6. Stop Using Standby
If a piece of office equipment isn’t being used, it doesn’t need to be turned on – you’re only paying for energy that isn’t being utilised. Even leaving things on standby can still be a big waste – each little red dot costs around £1 a year for every watt of power used. It all adds up and can make a noticeable difference to your energy bill. Make sure staff turn their computer monitors off if they are away from their desks for more than 10 minutes, and that both PCs and monitors are turned off at the plug at the end of the day. The brightness of monitors is optimised – having them too bright not only uses more energy, but can also cause eye strain. All communal equipment is turned off at the end of the day, including printers, copiers, vending machines, and coffee machines. Infrequently used printers and photocopiers are only turned on when required and are set to go to sleep after a few minutes of inactivity.
7. Invest in Renewable Energy
If you’re using resource energy such as oil or natural gas, you can expect to have a large energy bill just about every month. As these resources become harder to come across, the price will only go up. This means you could be spending thousands of dollars more on your energy bills than competitors using renewable energy.
Solar energy gives you an opportunity to cut your energy bills while also contributing to the Earth’s health. Buying solar panels to harvest energy from the sun can be an economically intelligent purchase for your business. Because you don’t need to worry about competing for resources, you can ensure your solar panels will keep your energy costs low for years.
8. Get Your Team on Board
Educate your employees: Train them on environmental issues, energy management and individual ways that they can help the environment. Your office staff can be highly insightful when it comes to being aware of the office’s internal temperature. They may be sitting in a place that is particularly warmer, colder or more than other parts of the building. Investigating these issues will make staff less likely to tamper with thermostats or use portable heating methods. You can also encourage staff to come up with their own ideas on how to reduce energy costs. Use posters, stickers, and signage throughout your building to make sure your employees are on board.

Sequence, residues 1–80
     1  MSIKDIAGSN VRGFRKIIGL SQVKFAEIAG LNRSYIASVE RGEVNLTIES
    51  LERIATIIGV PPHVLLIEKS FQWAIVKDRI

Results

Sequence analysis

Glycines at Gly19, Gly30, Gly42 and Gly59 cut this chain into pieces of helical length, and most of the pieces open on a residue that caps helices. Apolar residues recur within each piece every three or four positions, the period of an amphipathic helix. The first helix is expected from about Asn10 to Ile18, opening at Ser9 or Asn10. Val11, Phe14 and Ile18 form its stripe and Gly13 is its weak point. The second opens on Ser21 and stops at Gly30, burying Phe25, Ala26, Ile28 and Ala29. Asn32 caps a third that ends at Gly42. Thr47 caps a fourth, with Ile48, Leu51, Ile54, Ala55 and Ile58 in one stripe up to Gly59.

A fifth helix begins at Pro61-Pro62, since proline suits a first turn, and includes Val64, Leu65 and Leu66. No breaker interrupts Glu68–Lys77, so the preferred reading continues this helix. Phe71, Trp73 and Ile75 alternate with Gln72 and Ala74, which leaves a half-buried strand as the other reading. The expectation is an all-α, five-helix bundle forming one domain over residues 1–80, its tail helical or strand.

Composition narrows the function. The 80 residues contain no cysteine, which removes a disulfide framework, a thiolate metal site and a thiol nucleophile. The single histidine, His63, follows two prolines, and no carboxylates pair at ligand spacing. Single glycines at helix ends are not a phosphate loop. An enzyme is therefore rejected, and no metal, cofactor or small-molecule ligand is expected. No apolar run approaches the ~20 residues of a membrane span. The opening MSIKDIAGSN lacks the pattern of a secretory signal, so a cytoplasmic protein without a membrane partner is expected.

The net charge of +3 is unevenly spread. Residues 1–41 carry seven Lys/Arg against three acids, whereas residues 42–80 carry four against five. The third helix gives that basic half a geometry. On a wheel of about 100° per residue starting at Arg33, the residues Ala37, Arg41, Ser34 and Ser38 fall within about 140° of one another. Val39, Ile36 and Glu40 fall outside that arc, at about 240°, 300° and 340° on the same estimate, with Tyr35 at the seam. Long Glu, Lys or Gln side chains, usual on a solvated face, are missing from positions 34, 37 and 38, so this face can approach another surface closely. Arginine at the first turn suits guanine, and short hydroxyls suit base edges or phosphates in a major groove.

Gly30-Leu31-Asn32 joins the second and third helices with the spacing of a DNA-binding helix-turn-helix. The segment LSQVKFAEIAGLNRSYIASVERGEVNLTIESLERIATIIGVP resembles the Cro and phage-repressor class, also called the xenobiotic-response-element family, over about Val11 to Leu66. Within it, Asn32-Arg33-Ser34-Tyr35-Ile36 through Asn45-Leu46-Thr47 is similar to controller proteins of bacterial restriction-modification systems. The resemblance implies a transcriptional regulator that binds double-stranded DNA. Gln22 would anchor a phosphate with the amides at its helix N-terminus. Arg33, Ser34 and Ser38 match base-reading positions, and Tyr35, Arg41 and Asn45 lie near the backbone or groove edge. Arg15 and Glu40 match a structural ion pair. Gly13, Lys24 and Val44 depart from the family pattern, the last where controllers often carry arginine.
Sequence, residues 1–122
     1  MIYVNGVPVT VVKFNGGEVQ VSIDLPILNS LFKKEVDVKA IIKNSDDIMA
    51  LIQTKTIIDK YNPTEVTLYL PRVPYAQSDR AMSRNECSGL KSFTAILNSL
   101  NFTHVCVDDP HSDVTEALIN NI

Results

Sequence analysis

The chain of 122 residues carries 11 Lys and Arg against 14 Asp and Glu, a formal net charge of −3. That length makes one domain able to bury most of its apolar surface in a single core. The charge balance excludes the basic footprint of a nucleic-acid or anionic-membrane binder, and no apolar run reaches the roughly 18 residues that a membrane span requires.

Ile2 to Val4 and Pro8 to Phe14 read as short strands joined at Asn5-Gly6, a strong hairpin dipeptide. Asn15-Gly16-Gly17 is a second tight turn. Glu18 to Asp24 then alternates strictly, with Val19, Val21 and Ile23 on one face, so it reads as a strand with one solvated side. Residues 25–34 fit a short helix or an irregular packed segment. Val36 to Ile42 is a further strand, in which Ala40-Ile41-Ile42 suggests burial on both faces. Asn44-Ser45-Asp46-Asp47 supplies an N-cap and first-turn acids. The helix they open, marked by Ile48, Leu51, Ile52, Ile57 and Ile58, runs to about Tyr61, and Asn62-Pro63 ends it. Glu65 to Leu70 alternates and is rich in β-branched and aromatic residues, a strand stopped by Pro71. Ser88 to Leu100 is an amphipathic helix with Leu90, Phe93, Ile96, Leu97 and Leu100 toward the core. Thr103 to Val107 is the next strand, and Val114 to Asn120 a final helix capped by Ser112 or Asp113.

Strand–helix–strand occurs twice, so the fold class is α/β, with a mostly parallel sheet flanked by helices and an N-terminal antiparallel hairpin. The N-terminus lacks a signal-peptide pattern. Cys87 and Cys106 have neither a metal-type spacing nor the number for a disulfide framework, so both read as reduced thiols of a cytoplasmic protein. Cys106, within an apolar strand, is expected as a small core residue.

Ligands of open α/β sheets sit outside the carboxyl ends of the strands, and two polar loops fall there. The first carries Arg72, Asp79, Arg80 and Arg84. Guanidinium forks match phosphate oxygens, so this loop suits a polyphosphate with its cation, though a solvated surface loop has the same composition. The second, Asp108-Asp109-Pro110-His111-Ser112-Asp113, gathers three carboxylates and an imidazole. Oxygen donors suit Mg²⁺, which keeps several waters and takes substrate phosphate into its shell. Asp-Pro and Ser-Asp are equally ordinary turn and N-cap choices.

9. Arrange Your Space to Avoid Energy Waste
Good space utilisation can not only influence an employee’s experience of the workplace, it can also enable a company to optimise spaces, save money and create new revenue streams. The larger your office space or building is, the more crucial it is for you to understand how your space is utilised. Being aware of the latter will prevent you from wasting thousands of pounds in unused spaces and energy. How is space utilisation measured? Measuring how space is utilised is usually done using a simple formula: (Number of employees/workplace capacity) x100 = Space utilised (%) However, the formula itself is just half the picture. You’ll also need to consider part-time employees, contractors, absences etc… Ideally, effective space management should take people, processes, and places into consideration.
10. Plan, Set Your Goals & Stick to Them!
Set clear efficiency goals: Incentivise and reward employees for their positive behaviour. They will then have an incentive to maintain the behaviour and it will become an internal company culture of energy saving.